Judy Ayyildiz's mother-in-law Adalet Ayyildiz in her mid 80's.

She has written books about writing, a memoir about her battle with paralyzing Guillain-Barre syndrome, and a book for children, “Some of My Ancestors Are Ottomans and Turks,” with watercolor illustrations by her husband.

“Forty Thorns” is the 71-year-old’s first novel, and it has been years in the making. She describes it as a summation of everything she’s experienced as part of the women’s movement.

“To understand what equality really means and what freedom really means â? it means knowing yourself and finding strength within herself.”

As a West Virginia native married into a Turkish family, Judy found a friend in her new mother-in-law.

Adalet came to live with the Ayyildiz family in Roanoke for a year and a half to help take care of Judy Ayyildiz’s oldest son while Judy worked. The Ayyildiz family also would traditionally spend a month out of every year in Turkey, staying with Adalet and traveling with her.

“My mother and Judy were so close to each other, I cannot describe,” said Vedii Ayyildiz. “My mother was very feminist. She was very broad-minded.”

Americans often don’t realize that Turkey was founded on progressive principles. Mustafa Ataturk, the revolutionary who founded the Republic of Turkey out of the ruins of the Ottoman Empire after World War I, advocated equality and education for women.

In Istanbul, it is not uncommon to see a grandmother with her head covered walking beside a granddaughter in a miniskirt, Judy Ayyildiz said. There’s tension in the country between progressives who want to build on Ataturk’s foundation and religious conservatives who do not believe women should be equal.

Adalet was a progressive who was kind and accepting of her American daughter-in-law. “She adored me. She nurtured me. You just don’t forget something like that.”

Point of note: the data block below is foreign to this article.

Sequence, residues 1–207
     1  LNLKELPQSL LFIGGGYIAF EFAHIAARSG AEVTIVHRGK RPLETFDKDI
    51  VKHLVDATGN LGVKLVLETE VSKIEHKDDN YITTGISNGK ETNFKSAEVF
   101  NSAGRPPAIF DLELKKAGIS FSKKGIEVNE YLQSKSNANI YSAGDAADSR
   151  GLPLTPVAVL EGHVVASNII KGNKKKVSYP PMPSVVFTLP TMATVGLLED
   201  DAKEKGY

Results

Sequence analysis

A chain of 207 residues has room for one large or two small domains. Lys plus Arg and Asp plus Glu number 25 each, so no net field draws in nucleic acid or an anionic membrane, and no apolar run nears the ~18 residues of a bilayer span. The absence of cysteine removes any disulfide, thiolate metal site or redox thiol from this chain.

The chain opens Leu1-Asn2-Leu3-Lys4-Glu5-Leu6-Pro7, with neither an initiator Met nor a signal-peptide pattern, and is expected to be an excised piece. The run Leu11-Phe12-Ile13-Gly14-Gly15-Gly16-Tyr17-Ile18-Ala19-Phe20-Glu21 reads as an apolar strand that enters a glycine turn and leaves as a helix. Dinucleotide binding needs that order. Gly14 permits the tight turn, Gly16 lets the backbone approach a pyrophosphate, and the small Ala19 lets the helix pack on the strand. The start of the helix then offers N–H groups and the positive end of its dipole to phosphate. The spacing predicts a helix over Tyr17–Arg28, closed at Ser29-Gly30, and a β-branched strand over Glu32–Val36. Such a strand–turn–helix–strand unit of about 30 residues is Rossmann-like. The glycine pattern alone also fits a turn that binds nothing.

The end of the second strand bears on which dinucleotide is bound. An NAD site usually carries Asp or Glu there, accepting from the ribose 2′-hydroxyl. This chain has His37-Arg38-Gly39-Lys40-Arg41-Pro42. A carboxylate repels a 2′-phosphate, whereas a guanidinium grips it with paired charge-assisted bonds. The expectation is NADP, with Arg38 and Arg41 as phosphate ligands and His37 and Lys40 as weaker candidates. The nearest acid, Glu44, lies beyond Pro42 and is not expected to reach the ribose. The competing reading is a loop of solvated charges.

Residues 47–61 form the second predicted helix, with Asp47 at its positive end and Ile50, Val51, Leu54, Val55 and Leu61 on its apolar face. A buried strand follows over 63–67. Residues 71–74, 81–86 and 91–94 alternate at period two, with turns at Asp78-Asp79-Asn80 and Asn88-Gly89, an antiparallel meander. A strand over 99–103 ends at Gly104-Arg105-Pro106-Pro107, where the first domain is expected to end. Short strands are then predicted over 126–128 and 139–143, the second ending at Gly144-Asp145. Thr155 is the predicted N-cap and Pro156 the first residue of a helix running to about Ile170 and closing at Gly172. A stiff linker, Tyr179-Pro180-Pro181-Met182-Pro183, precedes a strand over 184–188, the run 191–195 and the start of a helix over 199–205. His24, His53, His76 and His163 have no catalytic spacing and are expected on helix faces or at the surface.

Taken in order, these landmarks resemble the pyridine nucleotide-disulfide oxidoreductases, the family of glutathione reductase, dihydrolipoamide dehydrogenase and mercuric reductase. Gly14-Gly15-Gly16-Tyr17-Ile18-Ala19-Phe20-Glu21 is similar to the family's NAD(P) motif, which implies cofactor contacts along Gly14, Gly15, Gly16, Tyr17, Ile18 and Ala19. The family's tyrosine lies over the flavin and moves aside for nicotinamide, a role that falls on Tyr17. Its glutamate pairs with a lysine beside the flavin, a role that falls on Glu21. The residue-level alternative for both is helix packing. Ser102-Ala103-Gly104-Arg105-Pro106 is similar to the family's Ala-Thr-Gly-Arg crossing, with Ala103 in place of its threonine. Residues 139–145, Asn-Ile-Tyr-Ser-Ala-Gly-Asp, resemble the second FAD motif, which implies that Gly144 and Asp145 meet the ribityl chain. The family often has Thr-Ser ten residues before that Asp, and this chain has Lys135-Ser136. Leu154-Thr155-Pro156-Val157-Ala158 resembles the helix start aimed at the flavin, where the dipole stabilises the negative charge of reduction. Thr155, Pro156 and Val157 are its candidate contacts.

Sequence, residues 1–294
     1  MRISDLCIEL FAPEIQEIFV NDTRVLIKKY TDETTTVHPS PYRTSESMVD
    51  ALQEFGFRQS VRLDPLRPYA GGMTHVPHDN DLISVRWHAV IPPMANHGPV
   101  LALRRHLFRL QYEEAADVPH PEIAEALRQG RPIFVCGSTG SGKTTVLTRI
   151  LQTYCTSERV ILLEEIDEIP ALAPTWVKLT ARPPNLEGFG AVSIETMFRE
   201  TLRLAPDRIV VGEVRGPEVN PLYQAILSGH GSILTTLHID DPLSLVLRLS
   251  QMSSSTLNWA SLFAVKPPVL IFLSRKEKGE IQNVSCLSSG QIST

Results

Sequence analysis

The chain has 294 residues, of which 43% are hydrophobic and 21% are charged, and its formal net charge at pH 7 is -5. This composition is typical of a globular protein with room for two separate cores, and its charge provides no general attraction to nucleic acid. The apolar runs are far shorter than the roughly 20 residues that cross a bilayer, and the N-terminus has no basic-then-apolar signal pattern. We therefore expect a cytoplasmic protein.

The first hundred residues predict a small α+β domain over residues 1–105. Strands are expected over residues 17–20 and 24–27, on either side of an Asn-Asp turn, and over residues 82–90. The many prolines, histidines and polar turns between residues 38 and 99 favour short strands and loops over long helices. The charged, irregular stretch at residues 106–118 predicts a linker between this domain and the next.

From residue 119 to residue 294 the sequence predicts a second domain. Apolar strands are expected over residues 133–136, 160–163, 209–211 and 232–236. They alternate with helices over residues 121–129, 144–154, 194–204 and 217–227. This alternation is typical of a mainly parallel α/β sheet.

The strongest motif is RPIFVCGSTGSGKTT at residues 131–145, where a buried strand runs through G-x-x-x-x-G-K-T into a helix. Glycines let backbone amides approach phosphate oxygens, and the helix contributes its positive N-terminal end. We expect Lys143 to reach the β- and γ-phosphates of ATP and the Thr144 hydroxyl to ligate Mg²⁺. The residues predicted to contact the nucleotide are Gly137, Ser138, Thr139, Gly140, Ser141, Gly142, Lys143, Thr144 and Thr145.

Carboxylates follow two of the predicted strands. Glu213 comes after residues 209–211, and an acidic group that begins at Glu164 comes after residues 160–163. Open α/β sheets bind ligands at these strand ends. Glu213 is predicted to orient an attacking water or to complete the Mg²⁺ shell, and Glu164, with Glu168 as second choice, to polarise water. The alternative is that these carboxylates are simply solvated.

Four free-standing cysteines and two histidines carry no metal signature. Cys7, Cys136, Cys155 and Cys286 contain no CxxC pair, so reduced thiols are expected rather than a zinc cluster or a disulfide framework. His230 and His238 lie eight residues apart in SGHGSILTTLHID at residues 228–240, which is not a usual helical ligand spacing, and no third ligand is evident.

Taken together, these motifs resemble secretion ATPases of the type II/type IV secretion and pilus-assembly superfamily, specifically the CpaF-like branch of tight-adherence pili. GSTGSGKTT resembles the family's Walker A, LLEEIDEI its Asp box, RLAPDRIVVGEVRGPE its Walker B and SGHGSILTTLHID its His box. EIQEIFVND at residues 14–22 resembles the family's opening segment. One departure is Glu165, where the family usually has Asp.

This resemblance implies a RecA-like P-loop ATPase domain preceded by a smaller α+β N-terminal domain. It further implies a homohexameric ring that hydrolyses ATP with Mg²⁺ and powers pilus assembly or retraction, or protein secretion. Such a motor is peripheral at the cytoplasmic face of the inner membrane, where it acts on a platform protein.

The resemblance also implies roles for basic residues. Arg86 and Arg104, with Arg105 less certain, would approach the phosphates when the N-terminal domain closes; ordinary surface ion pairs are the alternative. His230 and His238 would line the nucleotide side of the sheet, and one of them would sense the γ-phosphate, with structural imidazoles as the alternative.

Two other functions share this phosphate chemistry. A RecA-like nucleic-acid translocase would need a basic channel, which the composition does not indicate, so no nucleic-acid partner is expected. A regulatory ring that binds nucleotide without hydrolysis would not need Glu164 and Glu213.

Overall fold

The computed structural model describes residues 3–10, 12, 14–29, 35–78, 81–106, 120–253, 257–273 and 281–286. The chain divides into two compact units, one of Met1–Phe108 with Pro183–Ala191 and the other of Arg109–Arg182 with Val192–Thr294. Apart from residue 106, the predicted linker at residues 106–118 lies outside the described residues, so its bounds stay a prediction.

Adalet’s story follows a classic situation of defying her parents to marry a man they didn’t approve of, through her taking part in the Turkish revolution, coping with her husband’s rise as a politician and his infidelities, and working as a teacher and raising seven children, one of whom died in her arms.

In 1993, just as she had predicted, Adalet died. Ayyildiz typed up her notes from those interviews. She had 60 pages, single-spaced.

Based on a true story

At the time, she had a biography in mind. She felt her mother-in-law’s story spoke universal truths about trials women face and the struggle for women’s rights throughout the world. Yet she also recognized she had a lot of work ahead of her.

“There was no way to tell her story without telling the story of the fall of the Ottoman Empire and the rise of the Turkish Republic,” Ayyildiz said.

Though the book tells her mother-in-law’s true story, it’s a novel because most all of the dialogue and much of the specific details of scenes come from Ayyildiz’s imagination. Most of the people who appear in the book are real, though she changed the names of living persons.

The title “Forty Thorns” refers to an incident chronicled in the book in which 12-year-old Adalet is charged with settling a dispute at her sister’s wedding by plucking “forty evil thorns” from the wedding cape. She meets the man who would become her husband as she carries out the impromptu ritual.